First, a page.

The Italian threat

Roopinder Singh

Gone are the days of politician who were hardly aware of what happened beyond the borders of their constituency. These days the people’s representatives are cosmopolitan. They are at home in international capitals, be it Zurich (where the Swiss banks are) or Paris (where the night life is).

Italy was not quite on the minds of these politicians, but now it is the stuff nightmares are conjured up from. During a recent trip to Delhi, I was briefed about the latest antics of our political creatures, as discussed by their aides:

“I hear that our people,” said the political aide of a top Chief Minister who is in the ‘Z’ security category, “are now exposed to an insidious propaganda beamed into the country these days. The BBC is corrupting our society with Western odes and images. Is there really no way to counter this?

“What are you talking about? I just got back from Geneva,” said the chartered accountant (CA) whose firm handles international investments of certain important and politically sensitive ‘benami‘ accounts worth crores of rupees.

“This coverage of the Italian anti-corruption campaign. Have you seen how much time they are devoting to this minor event? Putting ideas into the people’s minds, I tell you,” muttered the CM’s aide by way of explanation.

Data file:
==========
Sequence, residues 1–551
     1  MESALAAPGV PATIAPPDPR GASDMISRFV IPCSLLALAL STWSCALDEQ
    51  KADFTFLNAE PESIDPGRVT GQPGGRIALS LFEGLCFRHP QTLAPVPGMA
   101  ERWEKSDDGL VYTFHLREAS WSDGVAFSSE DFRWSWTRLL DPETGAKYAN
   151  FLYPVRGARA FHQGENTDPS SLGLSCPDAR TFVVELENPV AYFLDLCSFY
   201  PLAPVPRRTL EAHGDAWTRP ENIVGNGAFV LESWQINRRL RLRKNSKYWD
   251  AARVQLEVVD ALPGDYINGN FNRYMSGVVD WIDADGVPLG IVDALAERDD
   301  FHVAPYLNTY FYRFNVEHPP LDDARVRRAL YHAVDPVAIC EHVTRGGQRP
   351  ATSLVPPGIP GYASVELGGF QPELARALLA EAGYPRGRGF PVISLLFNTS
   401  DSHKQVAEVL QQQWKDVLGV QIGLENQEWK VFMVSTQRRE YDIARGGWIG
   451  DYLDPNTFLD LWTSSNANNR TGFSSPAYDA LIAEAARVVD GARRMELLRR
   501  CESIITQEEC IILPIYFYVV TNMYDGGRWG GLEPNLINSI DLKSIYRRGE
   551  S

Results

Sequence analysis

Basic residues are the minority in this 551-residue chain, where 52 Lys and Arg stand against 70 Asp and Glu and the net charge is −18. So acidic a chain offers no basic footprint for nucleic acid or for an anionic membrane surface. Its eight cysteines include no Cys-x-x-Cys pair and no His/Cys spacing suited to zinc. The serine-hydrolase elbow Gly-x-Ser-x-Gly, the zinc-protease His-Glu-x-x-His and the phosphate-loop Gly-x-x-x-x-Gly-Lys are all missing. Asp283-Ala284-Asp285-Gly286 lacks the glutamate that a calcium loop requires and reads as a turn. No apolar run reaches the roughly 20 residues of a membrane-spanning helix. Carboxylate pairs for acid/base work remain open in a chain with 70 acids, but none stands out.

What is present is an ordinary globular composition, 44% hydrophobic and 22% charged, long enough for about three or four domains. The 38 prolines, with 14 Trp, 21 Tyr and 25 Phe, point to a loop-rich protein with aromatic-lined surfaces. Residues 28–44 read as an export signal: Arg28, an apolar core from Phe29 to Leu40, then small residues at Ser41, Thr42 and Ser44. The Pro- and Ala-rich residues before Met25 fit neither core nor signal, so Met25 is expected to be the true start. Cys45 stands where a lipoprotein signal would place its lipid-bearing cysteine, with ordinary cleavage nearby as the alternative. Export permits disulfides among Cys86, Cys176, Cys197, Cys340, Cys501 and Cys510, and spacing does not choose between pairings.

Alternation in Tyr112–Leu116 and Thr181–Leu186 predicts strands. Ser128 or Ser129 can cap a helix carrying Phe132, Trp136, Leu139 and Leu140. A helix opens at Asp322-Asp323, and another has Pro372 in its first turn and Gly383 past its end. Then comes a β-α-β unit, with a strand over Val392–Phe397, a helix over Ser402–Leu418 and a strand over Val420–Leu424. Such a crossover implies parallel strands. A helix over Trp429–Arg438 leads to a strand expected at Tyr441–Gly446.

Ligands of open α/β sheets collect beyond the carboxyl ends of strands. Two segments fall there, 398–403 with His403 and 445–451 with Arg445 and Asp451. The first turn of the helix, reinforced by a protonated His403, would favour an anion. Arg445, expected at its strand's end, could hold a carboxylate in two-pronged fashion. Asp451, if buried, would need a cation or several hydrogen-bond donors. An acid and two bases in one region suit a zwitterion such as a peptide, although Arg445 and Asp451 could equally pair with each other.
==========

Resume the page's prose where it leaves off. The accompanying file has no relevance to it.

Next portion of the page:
“The Italian magistrates have arrested Bettino Craxi’s secretary and have even served six notices to the former Prime Minister for investigations of allegedly corrupt practices. They are undermining democracy, as we know it. Their moves will destabilise the country we saw as a role model,” said the former Foreign Minister’s aide who is now a prolific writer on causes all and sundry.

“As I said when the FM had asked me 10 years ago,” he continued, “we must build an electronic wall to insulate our thousands of years old culture from the electronic invasion of Western ideas.”

The CM’s aide, well versed in ‘kautalyaniti’, replied: “True enough. Corruption is a decadent Western concept. In our culture, we have always had the public pay ‘nazaranas’ and ‘tributes’ to the officials and the rulers. That is the way things are and were in the good old days—coming to the present, what should we do now?”

“Simple, really”, said the CA. “We are not in the same boat as Italians are, speaking metaphorically as well as practically, because Indian Magistrates do not have the prosecuting authority.”

“But”, interrupted the CM’s aide.

“We need a Machiavellian stratagem to counter the Italian threat,” the CA continued ignoring the interruption. “If you want to be sure, all you have to do is tell you respective bosses to announce that the government is to carry out a campaign to eliminate corruption, etc. Naturally, the focus of such a drive would be among those officials with whom the public has the most dealings with—starting with the magistrates.

“Splendid: Let’s do it, exclaimed the CM’s aide.

April 9, 1993